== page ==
An 85-year-old Israeli hostage named Yocheved Lifshitz, who was freed from Gaza on Monday night, criticized the Israeli army’s lack of preparedness in a news conference.
An elderly woman who was formerly a prisoner of Hamas in Gaza apparently gave an interview that angered Israeli officials because she had not been adequately prepped.
Yocheved Lifshitz, 85, an Israeli prisoner who was freed from Gaza on Monday night, claimed in a news conference on Tuesday that she had been beaten on October 7, the day that Palestinian fighters assaulted southern Israel, but that she had since been treated “gently.”
According to sources, the interview was a “mistake,” adding that there may not have been a “preliminary meeting” with Lifshitz before her press release and that, even if one had been held, not “all questions” regarding the preparation had been asked.
Lifshitz is one of four Israelis who have been freed following an offensive by Hamas-led Palestinian fighters on Israeli settlements close to the Gaza Strip that resulted in the deaths of over 1,400 Israelis, primarily civilians. According to Israel, there are 220 prisoners being held in Gaza.
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The former Israeli hostage, who was kept captive by Hamas in Gaza for more than two weeks, was one of the older hostages held there.
Along with another prisoner, 79-year-old Nurit Yitzhak, she was freed.
“I’ve been through hell, I never thought that I would reach such a state,” Lifshitz told reporters. In our kibbutz, they [the Palestinian fighters] went mad and placed me on a motorcycle.
She continued, describing the events as being “extremely painful” and including how old people and children were among those removed.
Lifshitz stated that she was forced to travel several kilometers after arriving in Gaza and was beaten with a stick en route.
The former captive claims that while she was being held by Hamas, a medic and then a doctor came to see how she was doing. She said, “They took care of every detail.”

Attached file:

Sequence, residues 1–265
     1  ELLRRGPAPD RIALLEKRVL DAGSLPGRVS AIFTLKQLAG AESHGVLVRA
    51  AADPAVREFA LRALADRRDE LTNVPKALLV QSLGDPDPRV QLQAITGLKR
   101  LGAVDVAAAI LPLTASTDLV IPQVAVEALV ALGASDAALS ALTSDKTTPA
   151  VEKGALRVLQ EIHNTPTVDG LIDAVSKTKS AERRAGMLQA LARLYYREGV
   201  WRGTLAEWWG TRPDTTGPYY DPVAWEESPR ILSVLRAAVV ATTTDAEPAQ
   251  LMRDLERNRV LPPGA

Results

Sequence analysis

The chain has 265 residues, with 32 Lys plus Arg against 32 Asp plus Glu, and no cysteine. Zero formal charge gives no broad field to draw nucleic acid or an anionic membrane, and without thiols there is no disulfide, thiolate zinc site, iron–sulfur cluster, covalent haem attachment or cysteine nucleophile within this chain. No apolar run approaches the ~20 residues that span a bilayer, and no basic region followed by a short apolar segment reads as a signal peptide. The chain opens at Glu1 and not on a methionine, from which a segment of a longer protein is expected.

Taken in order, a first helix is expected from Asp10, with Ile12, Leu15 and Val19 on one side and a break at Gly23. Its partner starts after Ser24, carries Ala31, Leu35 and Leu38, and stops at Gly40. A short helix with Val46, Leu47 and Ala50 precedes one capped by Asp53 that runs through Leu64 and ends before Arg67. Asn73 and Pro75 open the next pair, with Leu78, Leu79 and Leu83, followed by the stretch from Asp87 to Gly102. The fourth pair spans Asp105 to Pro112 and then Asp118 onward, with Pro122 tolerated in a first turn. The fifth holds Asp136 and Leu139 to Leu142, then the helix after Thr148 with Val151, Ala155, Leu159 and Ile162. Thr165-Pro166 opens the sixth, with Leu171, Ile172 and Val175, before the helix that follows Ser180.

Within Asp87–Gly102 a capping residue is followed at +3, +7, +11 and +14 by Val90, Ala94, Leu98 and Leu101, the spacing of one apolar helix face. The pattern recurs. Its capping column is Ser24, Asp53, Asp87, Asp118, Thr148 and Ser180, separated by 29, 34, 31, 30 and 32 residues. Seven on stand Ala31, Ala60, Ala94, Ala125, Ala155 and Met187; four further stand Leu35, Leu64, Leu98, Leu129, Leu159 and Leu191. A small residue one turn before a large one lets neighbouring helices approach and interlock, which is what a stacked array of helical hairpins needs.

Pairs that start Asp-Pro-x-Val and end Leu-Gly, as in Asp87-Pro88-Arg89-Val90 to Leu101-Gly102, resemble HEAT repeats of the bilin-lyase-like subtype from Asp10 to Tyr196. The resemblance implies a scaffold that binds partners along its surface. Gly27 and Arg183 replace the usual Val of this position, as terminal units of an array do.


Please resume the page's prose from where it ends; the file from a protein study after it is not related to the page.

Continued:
Her kidnappers “took care” of her needs, according to Lifshitz. “They ensured that they eat the same food as we eat, white cheese and cucumbers,” she said.
Lifshitz’s daughter Sharone retold her mother’s tale, saying: “When she first arrived, they [fighters] told them that they are Muslims and they won’t hurt them.”
Before being freed, Lifshitz was questioned about why she had shaken hands with the Hamas soldier. She responded, “They were gentle with us, our needs were supplied.”
Lifshitz criticized the Israeli army’s lack of readiness for the attack on October 7 during the press conference and claimed that “two billion” shekels had been spent on security measures that were ineffective.
She also criticized the government for its mistakes leading up to the assault. “We were the government’s scapegoat, we were abandoned. We went through hell,” she said.
The grandmother had previously campaigned to deliver medical aid to Palestinians in Gaza, according to family members who had already spoken to media outlets.
Yocheved Lifshitz’s husband, Oded Lifshitz, is still missing and believed to be being detained by Palestinian armed organizations in Gaza, however it is unknown where he is or how he is doing.
Israel claims that Hamas is holding 220 of its residents as prisoners; but, given the large number of unaccounted-for individuals, it’s possible that the actual figure is higher.
At least 5,000 Palestinians, the vast majority of whom are civilians, have died as a result of Israel’s bombardment of Gaza, according to Hamas, who also claims that 22 hostages have been slain.
Senior Hamas commander Khaled Meshaal stated in an interview with Sky News that the organization will free all of its hostages in exchange for an end to Gaza’s bombing.